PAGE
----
Sep 102013

kisssmallThe divorces that consistently surprise us the most are the ones that end decades-long marriages. Sometimes they seem to be prompted by some major transition, like getting all of the kids out on their own. The husband and wife look at each other and say “who are you?”

The ready story is that they defined themselves exclusively (or nearly so) as parents for so long, they forgot how to be anything else. To me, that’s a too-specific explanation of a more general problem that also manifests in many other ways:  lack of engagement with each other.

Changing and growing together doesn’t just happen. I think harmony with the three large things I wrote about last week is an important foundation. Presumably that minimizes the chance that the senior executive on the short list for VP marries the guy who wants to live at the beach and do without a checking account. (Or, maybe she does. Who knows? Long as everyone’s eyes are open…) Similar plans for the future, similar values, and similar levels of intelligence ensure a common frame of reference for many things on which a married couple might diverge.

But it’s an active process day to day, too. For couples with children, for several years, their activities make as good as any a framework in which to discuss such things, just because they’re usually constants. Think about it:  Soccer practice, for example, dictates free nights during the week. So, install all of those that we know about on the calendar. Now, when can we go out together as a family? When do you want to take some time by yourself? When can we have a date night?

Sounds like just simple schedule logistics, but the ways in which we spend leisure time are excellent indicators of our interests, are they not? And I think couples can start getting into trouble when “we” time diminishes and sometimes even falls all the way out of these conversations. Something superficially pleasant but not at all intimate develops, in which each person does his/her own thing most of the time, and they become cordial roommates.

This tendency can be more seductive than you think, because it’s largely consistent with an environment of trust and respect. It’s that ease itself that can lead to excessive nonchalance toward one another. “Oh, I know she’s going to be there.” Don’t let comfort become neglect.  Keep “we” reliably in your leisure discussions. Couples who grow together have date night.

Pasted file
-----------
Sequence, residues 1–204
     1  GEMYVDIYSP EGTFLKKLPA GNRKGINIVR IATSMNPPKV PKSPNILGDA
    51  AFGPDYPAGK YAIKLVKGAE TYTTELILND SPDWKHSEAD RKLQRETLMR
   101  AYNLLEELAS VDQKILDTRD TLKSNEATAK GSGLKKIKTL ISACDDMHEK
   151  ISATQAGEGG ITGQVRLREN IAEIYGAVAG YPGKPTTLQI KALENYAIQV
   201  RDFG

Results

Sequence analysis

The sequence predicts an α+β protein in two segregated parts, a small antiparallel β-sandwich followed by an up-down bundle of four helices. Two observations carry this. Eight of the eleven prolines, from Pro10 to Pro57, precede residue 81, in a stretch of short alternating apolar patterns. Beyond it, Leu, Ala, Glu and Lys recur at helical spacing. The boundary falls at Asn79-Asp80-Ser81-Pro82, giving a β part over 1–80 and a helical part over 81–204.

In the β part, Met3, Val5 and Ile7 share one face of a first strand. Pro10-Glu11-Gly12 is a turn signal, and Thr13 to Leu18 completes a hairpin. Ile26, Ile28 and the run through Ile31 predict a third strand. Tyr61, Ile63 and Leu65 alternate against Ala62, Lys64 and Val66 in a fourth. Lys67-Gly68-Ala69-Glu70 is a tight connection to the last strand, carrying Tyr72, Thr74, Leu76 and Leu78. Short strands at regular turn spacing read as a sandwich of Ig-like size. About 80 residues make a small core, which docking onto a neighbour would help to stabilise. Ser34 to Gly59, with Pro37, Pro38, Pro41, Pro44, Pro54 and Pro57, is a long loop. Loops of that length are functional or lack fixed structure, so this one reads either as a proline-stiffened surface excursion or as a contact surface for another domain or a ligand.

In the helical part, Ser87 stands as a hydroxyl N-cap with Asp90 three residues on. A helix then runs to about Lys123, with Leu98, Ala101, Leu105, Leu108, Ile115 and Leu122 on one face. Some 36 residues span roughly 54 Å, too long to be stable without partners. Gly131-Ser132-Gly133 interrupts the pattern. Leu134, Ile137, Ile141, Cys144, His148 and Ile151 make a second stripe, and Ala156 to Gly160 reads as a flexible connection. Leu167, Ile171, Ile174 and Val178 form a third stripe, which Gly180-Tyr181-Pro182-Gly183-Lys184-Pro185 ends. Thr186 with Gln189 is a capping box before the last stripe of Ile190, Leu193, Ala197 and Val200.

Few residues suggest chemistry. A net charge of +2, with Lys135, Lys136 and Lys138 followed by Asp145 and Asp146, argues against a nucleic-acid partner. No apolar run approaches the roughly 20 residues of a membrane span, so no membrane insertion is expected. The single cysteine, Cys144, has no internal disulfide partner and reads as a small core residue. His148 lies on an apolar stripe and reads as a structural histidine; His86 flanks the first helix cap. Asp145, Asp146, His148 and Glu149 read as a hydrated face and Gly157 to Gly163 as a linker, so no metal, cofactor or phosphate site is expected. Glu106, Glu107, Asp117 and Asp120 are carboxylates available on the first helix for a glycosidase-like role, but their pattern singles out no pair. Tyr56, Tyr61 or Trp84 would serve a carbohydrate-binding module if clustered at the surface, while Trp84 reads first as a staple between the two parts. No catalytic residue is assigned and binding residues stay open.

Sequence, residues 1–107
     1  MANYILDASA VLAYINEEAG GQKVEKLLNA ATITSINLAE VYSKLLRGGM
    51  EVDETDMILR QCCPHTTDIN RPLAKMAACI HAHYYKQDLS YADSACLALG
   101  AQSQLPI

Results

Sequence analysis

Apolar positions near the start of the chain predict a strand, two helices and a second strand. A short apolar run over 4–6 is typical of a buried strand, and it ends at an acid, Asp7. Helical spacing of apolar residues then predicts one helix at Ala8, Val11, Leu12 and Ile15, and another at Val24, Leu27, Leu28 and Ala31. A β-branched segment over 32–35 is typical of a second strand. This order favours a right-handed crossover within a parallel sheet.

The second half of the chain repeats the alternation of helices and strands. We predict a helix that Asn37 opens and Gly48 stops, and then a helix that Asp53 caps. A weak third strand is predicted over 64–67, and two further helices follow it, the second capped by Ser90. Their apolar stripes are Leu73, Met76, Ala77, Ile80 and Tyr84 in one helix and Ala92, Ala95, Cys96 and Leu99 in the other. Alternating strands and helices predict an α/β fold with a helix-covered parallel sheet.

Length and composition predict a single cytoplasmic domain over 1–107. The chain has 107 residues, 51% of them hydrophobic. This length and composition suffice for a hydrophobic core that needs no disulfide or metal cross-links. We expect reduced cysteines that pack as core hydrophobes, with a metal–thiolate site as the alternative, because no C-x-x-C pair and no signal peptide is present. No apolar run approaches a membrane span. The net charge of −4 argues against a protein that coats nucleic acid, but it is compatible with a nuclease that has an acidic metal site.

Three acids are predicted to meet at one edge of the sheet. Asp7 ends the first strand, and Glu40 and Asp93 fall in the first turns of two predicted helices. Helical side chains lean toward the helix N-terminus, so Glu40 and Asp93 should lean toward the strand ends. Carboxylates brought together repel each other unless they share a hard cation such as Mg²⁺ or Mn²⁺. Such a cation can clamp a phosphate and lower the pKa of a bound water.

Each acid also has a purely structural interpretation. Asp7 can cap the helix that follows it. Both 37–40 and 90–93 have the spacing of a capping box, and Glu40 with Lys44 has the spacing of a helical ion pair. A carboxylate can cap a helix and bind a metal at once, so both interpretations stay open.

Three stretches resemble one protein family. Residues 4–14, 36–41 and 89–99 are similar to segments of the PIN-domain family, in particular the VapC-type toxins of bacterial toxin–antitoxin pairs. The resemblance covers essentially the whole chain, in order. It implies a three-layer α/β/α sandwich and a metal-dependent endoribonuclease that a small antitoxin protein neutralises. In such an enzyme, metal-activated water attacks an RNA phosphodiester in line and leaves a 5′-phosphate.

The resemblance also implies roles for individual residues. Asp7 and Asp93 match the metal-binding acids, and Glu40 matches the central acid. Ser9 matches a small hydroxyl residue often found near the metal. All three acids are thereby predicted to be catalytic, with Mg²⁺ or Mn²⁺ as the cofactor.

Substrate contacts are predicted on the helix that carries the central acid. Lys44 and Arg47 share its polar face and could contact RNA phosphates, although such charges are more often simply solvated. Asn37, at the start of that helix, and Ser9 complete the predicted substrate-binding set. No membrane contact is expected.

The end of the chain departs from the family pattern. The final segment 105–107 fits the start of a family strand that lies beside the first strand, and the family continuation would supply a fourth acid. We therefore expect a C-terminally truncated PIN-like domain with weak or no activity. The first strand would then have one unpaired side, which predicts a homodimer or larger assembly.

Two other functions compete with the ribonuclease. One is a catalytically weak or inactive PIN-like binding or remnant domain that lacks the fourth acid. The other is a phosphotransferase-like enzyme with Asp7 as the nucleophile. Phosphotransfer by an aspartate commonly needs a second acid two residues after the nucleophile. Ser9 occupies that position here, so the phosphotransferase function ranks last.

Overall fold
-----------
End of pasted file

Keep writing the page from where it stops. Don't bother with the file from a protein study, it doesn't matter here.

Growing together also means learning to appreciate, rather than resent, moments of self-sacrifice. I can’t remember whether I read the following, or heard it, or what.  I may have even thought of it myself, but most definitely “standing on the shoulders of giants.”

In these moments, I try to think of myself as being blessed to be able to help. I am in a position to remove some uncertainty, or discomfort, or even downright pain. I can do something good. What an opportunity.

Now here I am typing that out when I’m not upset, like it’s just the easiest thing in the world to do. But of course it isn’t always. Whether it’s time, or money, or activity, or whatever could go one way your spouse would prefer and another way you would, the greedy little animal in you says me-me-me.

Like nearly anyone, I’ve been guilty of indulging that me-me-me, perhaps even with additional insult like some lame veneer of pseudo-righteousness. The way it usually goes is that Lea yields. I get my way. Then I eventually consider that I was in a position to make it better for her and chose not to, and regret that.

Gee, I need to remember how that feels on the front end of the whole thing (particularly when she’s only rarely guilty of the opposite).

So that’s one potentially tricky thing to do:  remember at all. The next tricky thing to do is to do it lovingly, not begrudgingly. Giving a blow-by-blow of how this decision will cause you to suffer is graceless and tacky. Rather, carry from it that you had an opportunity to bring comfort, and did. The good thing you did is the reward, not her acknowledgment of the good thing you did (which can be nice to have, but it’s not the point).

With this post, or any other in this series, please never read me as if I have all of whatever I’m writing about totally solved and put to bed.

Know that I needed to hear what I typed today.

For many good things, it’s much easier to identify them than it is to do them, you know?

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